Ukraine could be like the Russian invasion of Afghanistan with gold and oil prices rocketing and stocks falling

Monday, March 3, 2014
By Paul Martin

By Peter Cooper
Monday, 3 March 2014

Geopolitical risk premium in global financial markets is definitely on the rise this morning as investors digest the likely impact of what amounts to an invasion of the Ukraine by Russian troops over the weekend with an estimated 6,000 of them now stationed in Crimea in response to the overthrow of the Russian-backed president by an angry mob in Kiev.

Russian Prime Minister Dmitriy Medvedev said: ‘Ukraine for us is not a group of people who, pouring blood on the Maidan (Kiev’s main square), seized power in violation of the constitution and other state laws. Russia needs a strong and stable Ukraine. A predictable and economically thriving partner. Not a poor relation that’s always standing with a hand held out.’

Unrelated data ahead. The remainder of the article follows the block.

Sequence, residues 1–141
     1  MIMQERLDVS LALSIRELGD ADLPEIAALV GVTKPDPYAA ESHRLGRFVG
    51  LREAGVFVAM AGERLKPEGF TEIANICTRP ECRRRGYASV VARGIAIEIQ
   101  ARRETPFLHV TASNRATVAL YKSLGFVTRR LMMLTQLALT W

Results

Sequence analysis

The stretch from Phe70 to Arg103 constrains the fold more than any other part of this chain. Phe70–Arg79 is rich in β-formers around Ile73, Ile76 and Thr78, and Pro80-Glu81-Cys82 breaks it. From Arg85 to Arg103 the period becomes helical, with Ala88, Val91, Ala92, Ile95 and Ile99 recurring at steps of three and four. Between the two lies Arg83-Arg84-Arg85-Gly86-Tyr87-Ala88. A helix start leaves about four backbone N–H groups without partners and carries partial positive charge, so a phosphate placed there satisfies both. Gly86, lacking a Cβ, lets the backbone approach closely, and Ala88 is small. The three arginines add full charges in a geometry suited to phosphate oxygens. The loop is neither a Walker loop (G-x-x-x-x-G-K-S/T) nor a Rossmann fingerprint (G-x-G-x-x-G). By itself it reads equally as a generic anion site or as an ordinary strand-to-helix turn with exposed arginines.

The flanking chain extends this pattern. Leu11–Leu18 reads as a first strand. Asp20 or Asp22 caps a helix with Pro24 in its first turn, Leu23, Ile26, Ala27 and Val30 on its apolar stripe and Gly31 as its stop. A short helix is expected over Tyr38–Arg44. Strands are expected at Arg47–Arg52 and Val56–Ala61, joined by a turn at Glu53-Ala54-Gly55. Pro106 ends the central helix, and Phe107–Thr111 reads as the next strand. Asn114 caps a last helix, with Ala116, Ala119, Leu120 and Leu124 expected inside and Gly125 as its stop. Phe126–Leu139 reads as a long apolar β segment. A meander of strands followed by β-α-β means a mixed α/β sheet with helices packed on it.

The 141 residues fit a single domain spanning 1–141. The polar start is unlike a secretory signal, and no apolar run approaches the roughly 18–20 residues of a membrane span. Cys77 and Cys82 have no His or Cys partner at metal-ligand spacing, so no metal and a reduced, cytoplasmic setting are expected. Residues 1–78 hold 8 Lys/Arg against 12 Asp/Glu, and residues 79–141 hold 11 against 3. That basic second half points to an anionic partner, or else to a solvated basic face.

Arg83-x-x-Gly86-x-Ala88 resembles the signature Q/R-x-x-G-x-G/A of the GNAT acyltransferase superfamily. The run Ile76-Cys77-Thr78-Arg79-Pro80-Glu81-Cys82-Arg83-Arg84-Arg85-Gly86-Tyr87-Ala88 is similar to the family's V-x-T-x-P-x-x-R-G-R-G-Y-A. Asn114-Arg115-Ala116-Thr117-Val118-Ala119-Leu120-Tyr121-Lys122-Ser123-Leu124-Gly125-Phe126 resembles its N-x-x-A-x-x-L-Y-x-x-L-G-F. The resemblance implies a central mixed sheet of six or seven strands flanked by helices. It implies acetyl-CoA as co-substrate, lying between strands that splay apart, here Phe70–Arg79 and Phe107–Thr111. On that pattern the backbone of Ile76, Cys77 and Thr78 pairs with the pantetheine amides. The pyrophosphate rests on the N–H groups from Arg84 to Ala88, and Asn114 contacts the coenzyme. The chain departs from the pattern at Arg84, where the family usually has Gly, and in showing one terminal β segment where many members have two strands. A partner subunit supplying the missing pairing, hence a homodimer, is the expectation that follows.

1980 parallel

The G8 meeting of heads of state in Sochi has been effectively cancelled and the Russian military action condemned by all of these countries. Russia is every bit as isolated as it was in late December 1979 when it invaded Afghanistan and the Moscow Olympics the next year were a disaster. The UK has just pulled out of the Sochi Paralympics.

It was also in 1980 that the great bull markets in gold and oil of the 1970s reached their peak. Ominously today Brent Crude is above $110-a-barrel and gold surged to $1,344 an ounce as its strong rebound from last year’s sell-off gathered pace. Asian stock markets were mainly lower.

The Rest…HERE

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